Martin Zimmerman, Los Angeles Times Staff Writer, August 20, 2008

Lead wheel weights, widely used to balance vehicle tires
and considered a threat to drinking water, will be phased out in California by
the end of next year under a court settlement approved today.

settlement, approved by Alameda County Superior Court Judge Barbara Miller, ends
a lawsuit filed in May by the Oakland-based Center for Environmental Health
against Chrysler and the three largest makers of lead wheel weights for the U.S.
market. Some observers see the settlement as a first step toward a broader ban
on the products.

In its suit, the group contended that wheel weights falling
off vehicles release 500,000 pounds of lead each year into the environment in
California. Discarded wheel weights are ground down by passing vehicles and the
lead eventually can find its way into drinking water supplies, according to the
U.S. Geological Survey. They also end up in landfills, where the lead can leach
into groundwater.

"Wheel weights have been identified as the largest new
route of lead releases into the environment," said Michael Green, executive
director of the Center for Environmental Health. "By moving the industry away
from leaded wheel weights, we are helping to keep the lead out of our kids'
drinking water."

Lead is a highly toxic metal that can cause brain damage
and other nervous system disorders, especially in young children. It has been
used to make wheel weights for decades because it is cheap and heavy, allowing
mechanics to use relatively small weights when balancing tires. (Unbalanced
tires can wear unevenly and pose a safety hazard.)

Under the settlement, Chrysler will end the use of
factory-installed lead wheel weights in vehicles sold in California by July 31,
2009. In addition, wheel-weight producer Plombco Inc. of Canada will end
shipments of lead wheel weights to California by the end of this year. Producers
Perfect Equipment Inc. and Hennessey Industries, both based in LaVergne, Tenn.,
will stop shipments to California by the end of 2009.

"We are pleased
that the court has approved settlement of this matter so that we can move
forward with our aggressive plans to eliminate the use of lead wheel weights in
our products," a Chrysler spokesman said. "By the end of this month, we expect
that all of the vehicles we produce will be equipped with wheel weights made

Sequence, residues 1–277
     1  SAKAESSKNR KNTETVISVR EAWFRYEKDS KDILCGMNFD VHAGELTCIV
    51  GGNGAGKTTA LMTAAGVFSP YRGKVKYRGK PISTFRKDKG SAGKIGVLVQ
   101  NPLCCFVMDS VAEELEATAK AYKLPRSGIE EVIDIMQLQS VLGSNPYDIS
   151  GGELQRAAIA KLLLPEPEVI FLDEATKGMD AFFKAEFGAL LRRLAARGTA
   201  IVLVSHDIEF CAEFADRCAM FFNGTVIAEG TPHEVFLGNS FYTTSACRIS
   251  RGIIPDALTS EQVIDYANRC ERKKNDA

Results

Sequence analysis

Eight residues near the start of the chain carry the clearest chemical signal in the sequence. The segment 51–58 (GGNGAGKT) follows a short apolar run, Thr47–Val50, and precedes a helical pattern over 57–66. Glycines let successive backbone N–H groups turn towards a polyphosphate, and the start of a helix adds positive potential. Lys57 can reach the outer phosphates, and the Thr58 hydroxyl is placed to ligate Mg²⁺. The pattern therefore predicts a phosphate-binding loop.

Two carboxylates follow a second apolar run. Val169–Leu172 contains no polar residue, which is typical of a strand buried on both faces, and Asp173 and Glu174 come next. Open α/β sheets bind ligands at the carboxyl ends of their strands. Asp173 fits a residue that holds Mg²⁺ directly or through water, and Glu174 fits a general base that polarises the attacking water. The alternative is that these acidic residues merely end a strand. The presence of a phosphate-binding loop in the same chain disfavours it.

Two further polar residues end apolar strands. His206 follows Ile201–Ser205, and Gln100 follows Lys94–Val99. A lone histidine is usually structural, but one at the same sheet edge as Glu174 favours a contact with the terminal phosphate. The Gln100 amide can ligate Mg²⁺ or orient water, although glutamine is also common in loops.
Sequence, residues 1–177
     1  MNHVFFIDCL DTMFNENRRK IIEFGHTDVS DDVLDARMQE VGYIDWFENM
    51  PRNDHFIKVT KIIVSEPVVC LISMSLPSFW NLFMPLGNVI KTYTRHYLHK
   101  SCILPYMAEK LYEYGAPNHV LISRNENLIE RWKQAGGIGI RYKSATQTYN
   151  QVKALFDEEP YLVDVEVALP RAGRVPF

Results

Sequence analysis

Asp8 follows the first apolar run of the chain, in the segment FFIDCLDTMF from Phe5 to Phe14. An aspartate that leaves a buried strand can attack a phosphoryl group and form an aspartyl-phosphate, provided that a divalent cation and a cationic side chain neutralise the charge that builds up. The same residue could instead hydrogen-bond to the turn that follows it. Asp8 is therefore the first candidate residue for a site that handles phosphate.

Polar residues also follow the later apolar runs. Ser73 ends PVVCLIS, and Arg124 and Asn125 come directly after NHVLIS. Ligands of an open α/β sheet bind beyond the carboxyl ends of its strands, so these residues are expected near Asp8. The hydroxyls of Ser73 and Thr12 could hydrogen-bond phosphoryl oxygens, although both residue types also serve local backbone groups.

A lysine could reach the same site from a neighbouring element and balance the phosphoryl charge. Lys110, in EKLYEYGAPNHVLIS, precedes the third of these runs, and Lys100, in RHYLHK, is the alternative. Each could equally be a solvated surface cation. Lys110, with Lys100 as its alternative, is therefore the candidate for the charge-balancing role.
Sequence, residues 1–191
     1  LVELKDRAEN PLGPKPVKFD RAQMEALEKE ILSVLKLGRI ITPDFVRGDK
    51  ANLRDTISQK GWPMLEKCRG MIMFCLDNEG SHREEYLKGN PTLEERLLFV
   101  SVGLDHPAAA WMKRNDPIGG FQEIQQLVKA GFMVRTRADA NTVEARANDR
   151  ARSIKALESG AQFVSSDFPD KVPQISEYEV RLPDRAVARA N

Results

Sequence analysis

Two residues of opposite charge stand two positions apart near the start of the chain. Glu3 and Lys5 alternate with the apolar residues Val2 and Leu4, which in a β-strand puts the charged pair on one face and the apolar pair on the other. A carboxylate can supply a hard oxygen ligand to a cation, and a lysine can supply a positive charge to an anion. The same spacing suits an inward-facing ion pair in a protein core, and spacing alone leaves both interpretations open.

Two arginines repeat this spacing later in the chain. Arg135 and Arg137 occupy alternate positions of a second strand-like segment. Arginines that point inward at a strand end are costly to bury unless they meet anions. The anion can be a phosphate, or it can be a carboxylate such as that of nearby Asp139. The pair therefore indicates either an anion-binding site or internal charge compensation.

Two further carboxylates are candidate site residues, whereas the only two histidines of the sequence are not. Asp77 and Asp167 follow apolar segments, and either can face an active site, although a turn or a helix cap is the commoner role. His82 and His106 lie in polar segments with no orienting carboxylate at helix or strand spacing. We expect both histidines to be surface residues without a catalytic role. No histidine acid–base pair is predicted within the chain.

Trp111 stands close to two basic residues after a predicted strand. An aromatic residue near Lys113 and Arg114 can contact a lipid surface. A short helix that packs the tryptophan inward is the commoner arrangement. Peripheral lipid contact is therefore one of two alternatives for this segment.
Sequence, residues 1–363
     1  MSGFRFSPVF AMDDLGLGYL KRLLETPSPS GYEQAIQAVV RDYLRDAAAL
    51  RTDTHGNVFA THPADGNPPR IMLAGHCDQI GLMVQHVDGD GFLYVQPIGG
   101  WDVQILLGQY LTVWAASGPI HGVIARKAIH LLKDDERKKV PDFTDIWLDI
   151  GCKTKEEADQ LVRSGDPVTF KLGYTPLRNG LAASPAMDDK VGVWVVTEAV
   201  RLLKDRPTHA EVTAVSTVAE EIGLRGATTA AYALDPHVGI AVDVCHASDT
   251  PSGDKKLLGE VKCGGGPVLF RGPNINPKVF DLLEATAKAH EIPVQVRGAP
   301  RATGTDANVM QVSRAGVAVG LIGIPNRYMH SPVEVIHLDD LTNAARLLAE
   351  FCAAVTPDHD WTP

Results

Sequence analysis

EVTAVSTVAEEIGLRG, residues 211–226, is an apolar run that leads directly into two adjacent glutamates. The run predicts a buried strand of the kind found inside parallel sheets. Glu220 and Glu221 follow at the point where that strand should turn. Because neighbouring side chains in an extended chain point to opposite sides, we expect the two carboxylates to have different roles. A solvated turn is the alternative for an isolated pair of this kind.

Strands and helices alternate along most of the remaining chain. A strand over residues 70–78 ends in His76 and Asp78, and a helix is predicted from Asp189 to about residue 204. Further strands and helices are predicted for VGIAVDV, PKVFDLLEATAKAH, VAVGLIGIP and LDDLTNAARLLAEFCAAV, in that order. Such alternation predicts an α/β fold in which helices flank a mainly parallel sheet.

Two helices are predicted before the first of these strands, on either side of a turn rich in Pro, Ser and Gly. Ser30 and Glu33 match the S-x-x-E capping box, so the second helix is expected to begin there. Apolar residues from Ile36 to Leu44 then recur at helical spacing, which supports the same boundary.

from alternate materials — 11 months ahead of the schedule set in the
settlement agreement in California."

Lead wheel weights have been under
attack for several years by environmentalists. They were banned by the European
Union in 2005 and are being phased out in Japan and Korea. The U.S.
Environmental Protection Agency is sponsoring a voluntary initiative to reduce
the use of lead wheel weights but has not banned them.

Goodyear and other
big tire makers are already phasing them out, as are all the major

"For environmental reasons, this is the direction the
industry is going," said a spokesman for Goodyear, which has 83 company-owned
tire stores in California.

As lead weights are phased out, weights made
of steel or zinc alloy are being used for tire balancing. Those weights are
larger and cost 20% to 30% more, said Mark Aiken, vice president of sales for
Plombco. However, because wheel weights typically cost less than 50 cents each,
and there are generally only two per wheel, the higher cost shouldn't have a big
impact on consumers, he said.

The Ecology Center, a nonprofit
environmental group based in Ann Arbor, Mich., said the California settlement
should provide a big boost to the anti-lead forces.

"We fully expect
dozens of states to follow California's leadership and ban the use of lead wheel
weights," said Jeff Gearheart, the center's research director.

California lawsuit was filed under Proposition 65, known as the Safe Drinking
Water and Toxic Enforcement Act. The law requires the posting of public warnings
in businesses or on products that could expose people to chemicals that
government scientists have found cause cancer or birth defects.